Coach Jay Gruden is fired, but how much will really change with the Redskins?

While Jay Gruden was relieved of his duties as coach of the Washington Redskins Monday, he also might be just plain relieved.

The Redskins said owner Daniel Snyder and President Bruce Allen informed Gruden he was out early Monday, after a 33-7 loss to the Patriots left the Redskins with an 0-5 record — the team’s worst start since 2001.

“Through the first five games of the 2019 season, the team has clearly not performed up to expectations, and we all share in that responsibility,” the team said in a statement. “Moving forward, we are committed to doing all that we can collectively as an organization to turn things around and give our Redskins fans and alumni a team they can be proud of in 2019 and beyond.”

The club confirmed Monday afternoon that offensive line coach Bill Callahan will take over as interim head coach. Callahan was head coach of the Oakland Raiders in 2002 and 2003. In his first season, Callahan guided the Raiders to an 11-5 record and a Super Bowl appearance, where the Raiders lost to the Tampa Bay Buccaneers.

Redskins beat reporter George Wallace said the firing wasn’t a surprise, especially given that the offense “was just not doing anything” on Sunday.

And while Gruden kept the allegiance of the players in the locker room, Wallace said, speculation about Gruden’s future has hung over the team all season: “They say they don’t hear it, and you don’t listen to the outside stuff, but Chris Thompson broke down crying in the locker room yesterday because of how much Jay Gruden means to him.”

Fans on the WTOP Talkback line were largely of the opinion that the team’s problems run all the way up to the front office, including team owner Dan Snyder and president and de facto general manager Bruce Allen. “I give Jay Gruden a lot of credit for the last six years, because it’s been a circus around here,” Wallace said. He said it would be interesting to see whether Allen takes questions at today’s 1 p.m. news conference. Generally, Wallace said, “The front office doesn’t speak.”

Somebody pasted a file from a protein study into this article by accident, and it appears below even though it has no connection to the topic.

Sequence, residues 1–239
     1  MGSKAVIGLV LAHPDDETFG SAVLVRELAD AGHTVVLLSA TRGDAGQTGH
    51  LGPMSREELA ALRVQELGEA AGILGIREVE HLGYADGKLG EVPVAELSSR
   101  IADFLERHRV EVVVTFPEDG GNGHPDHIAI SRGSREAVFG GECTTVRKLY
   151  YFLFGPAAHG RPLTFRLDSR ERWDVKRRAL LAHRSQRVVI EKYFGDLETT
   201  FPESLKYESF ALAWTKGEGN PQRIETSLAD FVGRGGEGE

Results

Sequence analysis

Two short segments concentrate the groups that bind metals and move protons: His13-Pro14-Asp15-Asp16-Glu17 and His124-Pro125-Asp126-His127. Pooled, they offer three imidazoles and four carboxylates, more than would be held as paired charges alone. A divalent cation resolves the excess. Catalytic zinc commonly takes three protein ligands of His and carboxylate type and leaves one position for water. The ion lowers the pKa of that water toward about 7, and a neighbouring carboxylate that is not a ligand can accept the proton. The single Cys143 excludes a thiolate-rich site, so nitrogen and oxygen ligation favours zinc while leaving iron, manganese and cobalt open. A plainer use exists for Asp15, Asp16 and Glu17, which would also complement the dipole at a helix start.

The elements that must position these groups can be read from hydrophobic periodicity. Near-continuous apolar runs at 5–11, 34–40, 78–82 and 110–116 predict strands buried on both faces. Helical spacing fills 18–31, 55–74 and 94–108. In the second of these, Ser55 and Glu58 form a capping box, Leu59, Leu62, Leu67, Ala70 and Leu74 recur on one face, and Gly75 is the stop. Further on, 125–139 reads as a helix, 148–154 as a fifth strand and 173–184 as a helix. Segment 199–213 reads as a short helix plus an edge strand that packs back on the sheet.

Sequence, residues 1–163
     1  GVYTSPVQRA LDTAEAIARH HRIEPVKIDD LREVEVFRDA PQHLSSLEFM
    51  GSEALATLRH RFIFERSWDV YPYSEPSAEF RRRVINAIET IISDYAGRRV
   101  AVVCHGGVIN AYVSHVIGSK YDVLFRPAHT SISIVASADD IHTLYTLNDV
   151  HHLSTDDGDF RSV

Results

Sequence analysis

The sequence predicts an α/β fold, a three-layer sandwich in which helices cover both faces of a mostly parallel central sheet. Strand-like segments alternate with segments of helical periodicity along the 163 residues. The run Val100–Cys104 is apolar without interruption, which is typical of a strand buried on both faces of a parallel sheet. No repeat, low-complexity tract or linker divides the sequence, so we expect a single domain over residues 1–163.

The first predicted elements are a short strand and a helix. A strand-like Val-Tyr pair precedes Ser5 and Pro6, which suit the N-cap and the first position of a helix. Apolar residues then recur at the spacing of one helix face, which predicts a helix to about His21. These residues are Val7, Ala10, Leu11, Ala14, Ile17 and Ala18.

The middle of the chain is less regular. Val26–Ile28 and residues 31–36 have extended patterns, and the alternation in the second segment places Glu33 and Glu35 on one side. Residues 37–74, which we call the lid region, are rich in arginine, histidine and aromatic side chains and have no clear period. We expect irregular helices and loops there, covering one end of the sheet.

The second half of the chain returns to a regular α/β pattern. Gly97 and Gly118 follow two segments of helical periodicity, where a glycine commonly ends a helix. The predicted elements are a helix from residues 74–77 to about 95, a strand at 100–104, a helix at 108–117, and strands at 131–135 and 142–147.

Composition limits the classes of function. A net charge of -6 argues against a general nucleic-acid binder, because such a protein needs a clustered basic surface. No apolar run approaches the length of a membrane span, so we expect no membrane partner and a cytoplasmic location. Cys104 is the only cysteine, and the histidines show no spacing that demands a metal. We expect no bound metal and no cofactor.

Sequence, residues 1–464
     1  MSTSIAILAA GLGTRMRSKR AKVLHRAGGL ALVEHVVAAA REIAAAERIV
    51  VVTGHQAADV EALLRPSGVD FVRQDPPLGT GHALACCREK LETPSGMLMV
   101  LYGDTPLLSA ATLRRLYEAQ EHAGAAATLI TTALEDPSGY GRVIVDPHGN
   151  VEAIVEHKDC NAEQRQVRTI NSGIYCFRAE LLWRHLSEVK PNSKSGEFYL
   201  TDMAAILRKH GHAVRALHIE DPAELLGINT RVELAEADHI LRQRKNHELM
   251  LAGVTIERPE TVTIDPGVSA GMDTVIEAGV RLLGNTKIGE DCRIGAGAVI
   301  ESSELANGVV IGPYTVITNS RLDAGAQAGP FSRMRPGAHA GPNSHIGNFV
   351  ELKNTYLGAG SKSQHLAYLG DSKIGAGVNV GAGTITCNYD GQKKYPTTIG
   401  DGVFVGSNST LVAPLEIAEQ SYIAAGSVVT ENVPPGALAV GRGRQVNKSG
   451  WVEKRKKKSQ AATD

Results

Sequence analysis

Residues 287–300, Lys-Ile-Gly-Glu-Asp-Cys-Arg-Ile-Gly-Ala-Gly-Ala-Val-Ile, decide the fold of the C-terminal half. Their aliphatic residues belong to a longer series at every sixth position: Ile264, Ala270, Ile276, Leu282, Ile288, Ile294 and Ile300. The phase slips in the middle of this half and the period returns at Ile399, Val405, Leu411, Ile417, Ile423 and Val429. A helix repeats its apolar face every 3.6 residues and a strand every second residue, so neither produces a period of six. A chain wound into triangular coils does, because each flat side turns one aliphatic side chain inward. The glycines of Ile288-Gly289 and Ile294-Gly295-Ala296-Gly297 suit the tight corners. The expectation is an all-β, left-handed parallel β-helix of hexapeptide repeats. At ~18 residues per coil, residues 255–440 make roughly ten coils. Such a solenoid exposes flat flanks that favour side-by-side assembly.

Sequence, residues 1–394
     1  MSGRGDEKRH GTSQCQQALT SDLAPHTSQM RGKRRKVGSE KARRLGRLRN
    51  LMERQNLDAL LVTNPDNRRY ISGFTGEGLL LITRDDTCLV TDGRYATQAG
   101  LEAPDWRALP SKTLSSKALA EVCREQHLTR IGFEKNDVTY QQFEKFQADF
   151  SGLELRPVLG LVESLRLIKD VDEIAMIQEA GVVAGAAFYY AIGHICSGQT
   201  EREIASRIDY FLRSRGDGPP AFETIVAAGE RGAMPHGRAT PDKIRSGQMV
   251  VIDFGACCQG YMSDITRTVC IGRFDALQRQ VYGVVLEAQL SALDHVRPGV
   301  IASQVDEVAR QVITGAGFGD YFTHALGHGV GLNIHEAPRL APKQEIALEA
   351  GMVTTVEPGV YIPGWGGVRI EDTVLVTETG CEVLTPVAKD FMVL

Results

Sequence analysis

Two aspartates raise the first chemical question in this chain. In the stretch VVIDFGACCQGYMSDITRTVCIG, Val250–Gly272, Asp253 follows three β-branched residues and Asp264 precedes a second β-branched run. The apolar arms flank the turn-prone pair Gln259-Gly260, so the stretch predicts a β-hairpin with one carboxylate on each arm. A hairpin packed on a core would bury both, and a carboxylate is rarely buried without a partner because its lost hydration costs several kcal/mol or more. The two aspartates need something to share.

Allen did take questions, many of them pointed. Asked about how much blame the front office should shoulder for the team’s failures, he didn’t dodge responsibility.

“Right now we’re all 0-5 and I don’t think anybody is hiding from the record,” said Allen.

Notably absent from the press conference was team owner Dan Snyder. When asked why Snyder wasn’t addressing the public himself, Allen said, “Because I am.”

A change at QB?

One thing that has to change, and probably will, Wallace said, is the quarterback situation. After floundering with Case Keenum and Colt McCoy, it’s time to see what rookie Dwayne Haskins can do.

Given the Redskins’ rotten record, Wallace said, “There’s a very good chance you could get a top-two or three pick this year. And the draft is heavy with quarterbacks next year. So you could find out now if Dwayne Haskins is really going to be the guy. If not, then you have decisions to make next year.”

In the short term, it helps that the Skins will play winless Miami on Sunday — it “could be a nice little soft landing for [Haskins],” Wallace said.